Number of ‘adverse events’ has increased by 30% in three years.
Scotland’s maternity units are being hit with disturbing and potentially life-threatening mistakes on an almost daily basis, The Sunday Post can reveal.
Thousands of blunders have been recorded at busy birthing centres across the country.
Over the last three years the number of errors known as “adverse events” has soared by almost 30%.
The catalogue of mistakes include mums and new-born babies being wrongly diagnosed, given the wrong medicine or even babies going “unlabelled”, potentially leading to misidentification.
However, NHS officials covered crucial records of many of the incidents in thick black ink meaning the situation could be far worse. Our figures show the worst maternity unit in Scotland for adverse incidents is in Aberdeen. The latest figures reveal its delivery wards experienced an adverse event for every 4.5 births though health bosses claim this is down to better recording.
Critics have pointed the finger at nationwide budget and staffing cuts.
Dr Jean Turner, of the Scotland Patients Association, said: “These figures are really concerning and point to serious problems in some of these hospitals.
“There is already growing concern that women are being rushed through the system because of the pressure on the availability of beds and this now raises questions about the other knock-on effects of staff shortages and budget cuts.”
The figures released under freedom of information show a total of 5,693 adverse events in Scotland’s maternity wards last year, up from 4,458 in 2010. They included missing or wrong medical records, undiagnosed breaches of women in labour and incorrect dosages of medicine.
An adverse event is described by the NHS as “an unexpected or avoidable event that could have resulted, or did result in, unnecessary serious harm or death of a patient, staff, visitors or members of the public”.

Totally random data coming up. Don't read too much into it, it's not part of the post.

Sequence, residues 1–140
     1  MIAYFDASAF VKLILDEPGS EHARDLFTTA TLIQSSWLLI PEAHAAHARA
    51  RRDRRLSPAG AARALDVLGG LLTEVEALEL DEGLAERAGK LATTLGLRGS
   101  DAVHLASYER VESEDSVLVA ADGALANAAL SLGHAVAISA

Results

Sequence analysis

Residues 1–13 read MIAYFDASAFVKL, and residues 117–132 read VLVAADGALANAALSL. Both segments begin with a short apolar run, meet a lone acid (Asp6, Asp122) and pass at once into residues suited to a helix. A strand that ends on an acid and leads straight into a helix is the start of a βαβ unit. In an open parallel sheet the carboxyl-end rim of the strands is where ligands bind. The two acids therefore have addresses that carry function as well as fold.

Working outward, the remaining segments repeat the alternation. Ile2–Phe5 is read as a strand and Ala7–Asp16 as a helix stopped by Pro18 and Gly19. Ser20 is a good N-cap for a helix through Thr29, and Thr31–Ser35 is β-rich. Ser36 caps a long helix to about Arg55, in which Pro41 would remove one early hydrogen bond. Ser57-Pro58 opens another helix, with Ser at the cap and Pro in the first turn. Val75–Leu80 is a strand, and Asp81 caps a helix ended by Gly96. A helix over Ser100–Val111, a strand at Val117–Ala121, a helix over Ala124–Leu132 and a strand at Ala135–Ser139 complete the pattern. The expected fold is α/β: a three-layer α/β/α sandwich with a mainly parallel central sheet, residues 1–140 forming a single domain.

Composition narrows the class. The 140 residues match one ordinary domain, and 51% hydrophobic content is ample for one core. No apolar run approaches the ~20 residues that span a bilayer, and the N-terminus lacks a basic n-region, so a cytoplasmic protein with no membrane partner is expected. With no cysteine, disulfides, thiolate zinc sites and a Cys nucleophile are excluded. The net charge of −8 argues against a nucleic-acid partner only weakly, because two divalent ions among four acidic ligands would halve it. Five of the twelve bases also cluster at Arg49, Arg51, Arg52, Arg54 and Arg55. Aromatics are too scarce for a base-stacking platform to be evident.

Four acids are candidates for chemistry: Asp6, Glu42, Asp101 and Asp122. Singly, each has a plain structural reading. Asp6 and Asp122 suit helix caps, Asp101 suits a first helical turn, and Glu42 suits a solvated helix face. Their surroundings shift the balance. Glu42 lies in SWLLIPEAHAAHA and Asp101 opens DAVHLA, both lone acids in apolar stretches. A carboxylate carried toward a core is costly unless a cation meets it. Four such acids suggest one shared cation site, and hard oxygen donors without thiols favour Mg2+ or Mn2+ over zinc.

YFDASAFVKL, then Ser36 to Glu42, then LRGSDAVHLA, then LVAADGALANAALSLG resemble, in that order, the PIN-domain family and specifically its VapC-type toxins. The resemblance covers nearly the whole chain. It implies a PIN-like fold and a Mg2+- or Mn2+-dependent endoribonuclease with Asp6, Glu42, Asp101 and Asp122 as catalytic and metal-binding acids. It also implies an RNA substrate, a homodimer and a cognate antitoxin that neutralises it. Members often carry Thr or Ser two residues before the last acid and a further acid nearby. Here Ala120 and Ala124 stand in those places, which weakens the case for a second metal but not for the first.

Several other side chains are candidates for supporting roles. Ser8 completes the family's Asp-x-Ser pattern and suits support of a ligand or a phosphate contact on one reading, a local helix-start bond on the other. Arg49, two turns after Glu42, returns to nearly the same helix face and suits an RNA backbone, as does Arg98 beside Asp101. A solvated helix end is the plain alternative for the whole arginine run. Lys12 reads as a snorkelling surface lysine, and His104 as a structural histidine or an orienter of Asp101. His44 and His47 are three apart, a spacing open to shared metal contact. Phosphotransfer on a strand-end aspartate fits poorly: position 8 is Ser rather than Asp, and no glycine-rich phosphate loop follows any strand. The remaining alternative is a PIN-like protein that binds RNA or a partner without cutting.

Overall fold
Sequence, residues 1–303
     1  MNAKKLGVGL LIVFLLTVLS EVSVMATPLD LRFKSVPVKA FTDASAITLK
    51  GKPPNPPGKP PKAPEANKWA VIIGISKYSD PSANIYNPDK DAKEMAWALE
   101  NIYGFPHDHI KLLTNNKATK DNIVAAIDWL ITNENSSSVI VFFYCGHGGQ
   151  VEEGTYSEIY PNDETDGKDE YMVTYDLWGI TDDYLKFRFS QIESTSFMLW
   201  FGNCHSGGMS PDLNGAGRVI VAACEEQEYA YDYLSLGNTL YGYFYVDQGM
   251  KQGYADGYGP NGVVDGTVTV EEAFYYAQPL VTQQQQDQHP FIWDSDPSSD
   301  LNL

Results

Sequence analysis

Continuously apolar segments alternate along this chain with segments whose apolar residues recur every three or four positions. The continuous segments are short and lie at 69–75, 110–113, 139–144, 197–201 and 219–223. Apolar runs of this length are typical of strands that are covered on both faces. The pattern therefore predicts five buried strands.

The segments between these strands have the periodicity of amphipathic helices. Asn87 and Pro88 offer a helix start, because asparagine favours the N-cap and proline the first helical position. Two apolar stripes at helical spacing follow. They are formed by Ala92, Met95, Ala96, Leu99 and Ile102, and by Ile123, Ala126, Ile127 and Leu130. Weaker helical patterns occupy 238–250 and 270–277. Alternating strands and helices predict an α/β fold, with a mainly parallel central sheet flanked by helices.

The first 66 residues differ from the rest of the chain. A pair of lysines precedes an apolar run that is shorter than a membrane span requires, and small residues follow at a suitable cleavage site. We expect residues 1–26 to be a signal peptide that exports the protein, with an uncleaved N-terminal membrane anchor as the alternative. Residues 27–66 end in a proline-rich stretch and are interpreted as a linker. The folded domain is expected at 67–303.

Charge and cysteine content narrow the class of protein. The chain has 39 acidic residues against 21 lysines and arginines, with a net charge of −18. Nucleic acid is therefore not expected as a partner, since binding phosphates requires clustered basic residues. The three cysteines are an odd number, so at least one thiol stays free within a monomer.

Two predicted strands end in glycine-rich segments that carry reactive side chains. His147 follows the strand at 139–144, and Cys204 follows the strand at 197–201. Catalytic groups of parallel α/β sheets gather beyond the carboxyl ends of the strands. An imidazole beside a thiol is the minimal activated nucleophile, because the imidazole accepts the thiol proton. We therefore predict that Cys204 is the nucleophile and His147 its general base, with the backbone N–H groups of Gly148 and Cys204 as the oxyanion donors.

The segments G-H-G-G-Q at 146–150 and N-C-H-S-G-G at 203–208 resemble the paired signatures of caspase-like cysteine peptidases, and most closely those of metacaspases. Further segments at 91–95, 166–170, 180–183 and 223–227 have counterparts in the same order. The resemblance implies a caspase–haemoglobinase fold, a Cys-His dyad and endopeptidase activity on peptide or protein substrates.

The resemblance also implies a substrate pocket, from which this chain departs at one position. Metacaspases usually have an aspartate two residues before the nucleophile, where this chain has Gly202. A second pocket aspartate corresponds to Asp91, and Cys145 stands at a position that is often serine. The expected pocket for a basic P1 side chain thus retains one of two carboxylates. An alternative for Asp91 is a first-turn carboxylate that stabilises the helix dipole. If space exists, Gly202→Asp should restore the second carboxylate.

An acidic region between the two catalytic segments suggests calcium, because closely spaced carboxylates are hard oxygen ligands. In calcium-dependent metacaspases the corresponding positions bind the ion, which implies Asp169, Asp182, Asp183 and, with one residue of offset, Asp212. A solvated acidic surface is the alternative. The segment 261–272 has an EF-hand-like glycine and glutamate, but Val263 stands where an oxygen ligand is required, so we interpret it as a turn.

The incidents range from minor falls to mothers and babies dying. Physical and verbal attacks on staff by patients and their family members have also been recorded as adverse incidents.
A breakdown of the figures also reveals a postcode lottery of care for mothers across the country.
For example the figures for 2011/12, the latest available, show Aberdeen Maternity Hospital’s concerning rate contrasts with Dumfries and Galloway Royal Infirmary, where an average of one incident for every 20 births was recorded.
Scotland’s busiest maternity unit at the Edinburgh Royal Infirmary has a ratio of one adverse event for every 13 births, while the second busiest, Glasgow’s Princess Royal, has a ratio of one incident for every 8.5 births.
There were 57,671 births across Scotland in 2011/12.
Neil Findlay MSP, Labour health spokesman, said: “These are alarming figures and we have to understand why there has been such a worrying rise in problems in maternity wards. We know NHS staff are doing their best to meet demand but they are clearly not being given the resources they need.
“The NHS lurches from one crisis to the next under Alex Neil and he seems to have no plan to turn things around.
“Labour has backed the calls from health organisations for a full review of staffing and resources but Alex Neil continues to block any progress.”
Last year officials from the Healthcare Environment Inspectorate (HEI) were so concerned about cleanliness standards at Aberdeen Maternity Hospital that they raised the issue with the Scottish Government.